As COVID-19 case numbers continue to decrease slowly throughout the Hattiesburg area, Mayor Toby Barker is urging any residents who may test positive to seek the monoclonal antibody treatments against the virus, which are designed to help prevent progression of the disease and speed up recovery of COVID-positive cases.
In a video address on Sept. 8, Barker said between Forrest General Hospital and Merit Health Wesley, there were 120 hospitalized patients who were confirmed COVID positive. Of those, 44 were in the Intensive Care Unit; 31 were on ventilators.
“You can see that even though that number has come down from the peak of 180 in mid-August, we’re still above the peak that we saw post-Christmas and post-New Year’s,” Barker said. “What you often see, is when we have really high case counts, typically in a week to 10 days or two weeks after that, you’ll start to see that translate into hospitalizations.
“As those numbers have come down, especially on that ‘inside 14-day’ number, you’re starting to see the hospitalization numbers come down as well. However, this season of COVID brought us more ICU patients than we’ve ever had. The takeaway here is the need for people to realize that if you get diagnosed with COVID, immediately reach out about monoclonal antibody treatments, because those have a 70 percent efficacy in reducing serious illness and hospitalization.”
Recently, officials from the Cough & Fever Clinic in Hattiesburg announced the clinic has increased its capacity for treatments from 100 per week to 277 treatments per week. The services are available from 8 a.m.-4 p.m. Monday through Friday, from noon-6 p.m. on Saturdays, and from 1-6 p.m. on Sundays.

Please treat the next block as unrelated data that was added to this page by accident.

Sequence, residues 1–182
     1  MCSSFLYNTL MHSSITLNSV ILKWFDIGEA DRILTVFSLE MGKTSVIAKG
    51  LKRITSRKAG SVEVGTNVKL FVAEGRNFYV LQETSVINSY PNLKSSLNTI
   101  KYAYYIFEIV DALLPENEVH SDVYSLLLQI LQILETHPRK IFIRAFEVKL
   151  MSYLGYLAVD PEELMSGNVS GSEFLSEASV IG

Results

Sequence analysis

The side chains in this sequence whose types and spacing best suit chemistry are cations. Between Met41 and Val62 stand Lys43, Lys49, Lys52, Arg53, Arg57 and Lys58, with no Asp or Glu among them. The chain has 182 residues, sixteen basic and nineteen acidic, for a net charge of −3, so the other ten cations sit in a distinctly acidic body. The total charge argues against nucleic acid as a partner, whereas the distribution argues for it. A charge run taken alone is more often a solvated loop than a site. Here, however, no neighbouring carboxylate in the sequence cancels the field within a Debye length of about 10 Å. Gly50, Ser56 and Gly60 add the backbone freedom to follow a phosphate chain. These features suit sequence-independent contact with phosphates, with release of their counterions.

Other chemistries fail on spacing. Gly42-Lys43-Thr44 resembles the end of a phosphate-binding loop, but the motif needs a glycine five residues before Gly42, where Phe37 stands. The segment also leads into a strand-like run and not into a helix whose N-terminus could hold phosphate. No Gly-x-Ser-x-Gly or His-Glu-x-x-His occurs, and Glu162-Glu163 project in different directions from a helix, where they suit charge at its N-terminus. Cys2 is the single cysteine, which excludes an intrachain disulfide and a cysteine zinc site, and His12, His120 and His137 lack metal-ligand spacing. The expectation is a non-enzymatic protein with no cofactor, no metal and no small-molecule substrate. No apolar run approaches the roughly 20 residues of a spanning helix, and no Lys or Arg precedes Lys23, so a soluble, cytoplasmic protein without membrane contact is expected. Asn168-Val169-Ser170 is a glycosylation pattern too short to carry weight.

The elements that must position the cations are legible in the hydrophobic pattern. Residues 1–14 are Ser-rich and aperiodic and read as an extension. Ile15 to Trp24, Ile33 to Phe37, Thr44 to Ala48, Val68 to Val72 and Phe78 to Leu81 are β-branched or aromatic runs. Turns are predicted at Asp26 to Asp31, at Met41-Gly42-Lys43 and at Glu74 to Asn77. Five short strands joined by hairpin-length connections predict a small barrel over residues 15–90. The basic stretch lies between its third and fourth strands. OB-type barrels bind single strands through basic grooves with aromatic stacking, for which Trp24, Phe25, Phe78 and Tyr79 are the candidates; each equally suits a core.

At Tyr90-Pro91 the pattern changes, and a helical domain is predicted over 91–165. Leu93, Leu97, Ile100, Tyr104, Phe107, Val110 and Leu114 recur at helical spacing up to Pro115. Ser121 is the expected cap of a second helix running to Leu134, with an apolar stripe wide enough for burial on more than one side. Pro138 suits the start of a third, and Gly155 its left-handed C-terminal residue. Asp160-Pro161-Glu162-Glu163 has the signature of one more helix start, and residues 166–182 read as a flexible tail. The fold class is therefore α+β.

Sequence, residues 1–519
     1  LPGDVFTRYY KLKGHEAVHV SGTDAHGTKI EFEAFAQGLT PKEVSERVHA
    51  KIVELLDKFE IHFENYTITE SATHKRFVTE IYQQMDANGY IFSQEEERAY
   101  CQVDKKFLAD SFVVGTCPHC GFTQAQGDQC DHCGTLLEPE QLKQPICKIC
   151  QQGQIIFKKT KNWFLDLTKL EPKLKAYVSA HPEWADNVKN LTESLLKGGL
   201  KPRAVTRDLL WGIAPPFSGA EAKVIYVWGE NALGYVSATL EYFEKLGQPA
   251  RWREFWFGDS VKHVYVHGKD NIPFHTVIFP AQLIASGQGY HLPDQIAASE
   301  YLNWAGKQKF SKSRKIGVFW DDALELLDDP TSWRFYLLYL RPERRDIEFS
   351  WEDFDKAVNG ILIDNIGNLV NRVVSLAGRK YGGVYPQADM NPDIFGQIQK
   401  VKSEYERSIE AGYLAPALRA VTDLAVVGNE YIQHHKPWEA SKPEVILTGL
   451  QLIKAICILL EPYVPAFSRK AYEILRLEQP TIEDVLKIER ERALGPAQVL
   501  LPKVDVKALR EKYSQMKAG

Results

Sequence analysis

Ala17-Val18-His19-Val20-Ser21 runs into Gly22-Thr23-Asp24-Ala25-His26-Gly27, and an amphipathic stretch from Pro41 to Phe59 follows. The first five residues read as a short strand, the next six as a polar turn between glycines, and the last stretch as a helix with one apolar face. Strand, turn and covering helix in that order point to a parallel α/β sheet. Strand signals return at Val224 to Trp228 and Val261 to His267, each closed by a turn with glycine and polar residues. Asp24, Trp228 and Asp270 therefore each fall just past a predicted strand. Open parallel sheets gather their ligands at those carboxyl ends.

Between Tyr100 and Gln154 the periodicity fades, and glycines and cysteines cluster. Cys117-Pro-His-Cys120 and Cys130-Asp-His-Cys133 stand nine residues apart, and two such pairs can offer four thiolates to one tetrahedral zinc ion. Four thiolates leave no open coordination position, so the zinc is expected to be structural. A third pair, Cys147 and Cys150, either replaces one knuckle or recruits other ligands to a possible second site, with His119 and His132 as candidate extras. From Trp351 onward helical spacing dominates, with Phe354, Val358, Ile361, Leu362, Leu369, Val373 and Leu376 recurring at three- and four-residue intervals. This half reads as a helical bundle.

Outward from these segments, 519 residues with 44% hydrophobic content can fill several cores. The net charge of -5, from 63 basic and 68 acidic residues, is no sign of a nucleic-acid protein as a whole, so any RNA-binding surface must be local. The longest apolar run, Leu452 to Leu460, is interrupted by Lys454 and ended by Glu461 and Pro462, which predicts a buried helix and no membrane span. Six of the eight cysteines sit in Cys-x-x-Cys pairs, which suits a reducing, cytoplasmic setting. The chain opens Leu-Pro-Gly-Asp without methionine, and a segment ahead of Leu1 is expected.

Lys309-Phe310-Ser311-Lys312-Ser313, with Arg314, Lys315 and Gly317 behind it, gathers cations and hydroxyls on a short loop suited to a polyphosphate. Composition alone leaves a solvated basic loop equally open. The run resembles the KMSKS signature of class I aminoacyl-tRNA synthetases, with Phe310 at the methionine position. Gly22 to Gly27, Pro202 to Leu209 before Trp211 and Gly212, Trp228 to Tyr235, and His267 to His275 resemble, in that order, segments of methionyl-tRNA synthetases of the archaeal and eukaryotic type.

When the monoclonal antibody treatments were first made available to patients, the only option was a one-time intravenous infusion that takes approximately 30 minutes to complete. Because of the recent spike in COVID cases, a second option is now available, which consists of four subcutaneous injections.
Whichever route the patient chooses, he or she will be required to remain in the clinic for an hour while officials monitor them for any side effects.
To book an appointment free of charge, patients can call (601) 261-1533 or log in to their Iris account and use the patient portal. To qualify, individuals must be at least 12 years of age, weight at least 88 pounds and have had COVID within the last 10 days.
“What’s better now is that we’ve got more of the medications, and more access to resources to get it to patients,” Hattiesburg Clinic physician Samuel Crosby said in an earlier story. “The programs that we developed at Hattiesburg Clinic … our mortality rate was already a fraction of what it was statewide and national.
“What I was excited about was, if we can get these to people early, we’ll have less people needing supplemental oxygen, less people developing pneumonia, less people getting blood clots. Ideally, you’re also trying to prevent hospitalizations, and that has worked as well, but it’s not just the hospitalization numbers; it’s how sick people get overall.”
As of the day of Barker’s Sept. 8 address, out of the 120 patients who were hospitalized, 10 were fully vaccinated against the virus. Of the 44 in the ICU, three were fully vaccinated; of the 31 on ventilators, three were fully vaccinated.
From the time from Sept. 3 to Barker’s address, Forrest County reported 10 new deaths from the virus, for a total of 219 deaths since COVID hit the area. Lamar County reported seven new deaths in that time, for a total of 118.
On Sept. 8, Forrest County reported 39 new cases, while Lamar County reported 22 new cases.
The ‘inside 14-day’ number, which shows the number of individuals who have tested positive for the virus in the last two weeks, was 940 in Forrest County and 569 in Lamar County, for a total of 1,509 in the Hattiesburg metropolitan area.
“The inside 14-day number, compared to a week ago, shows some good signs here,” Barker said. “Forrest County’s down almost 800, and compared to a week ago, Lamar County is down by over 500.
“The metro area total is down 1,300 in the last 14 days compared to a week ago. So that’s a positive sign.”
As of Sept. 8, 25,544 Forrest County residents, or 33 percent, were fully vaccinated. Six percent, or 29,085 had received one dose.
In Lamar County, 30,403, or 48 percent of residents, were fully vaccinated. Thirty-five thousand, four hundred and eighty-five residents, or 8 percent, had received one dose.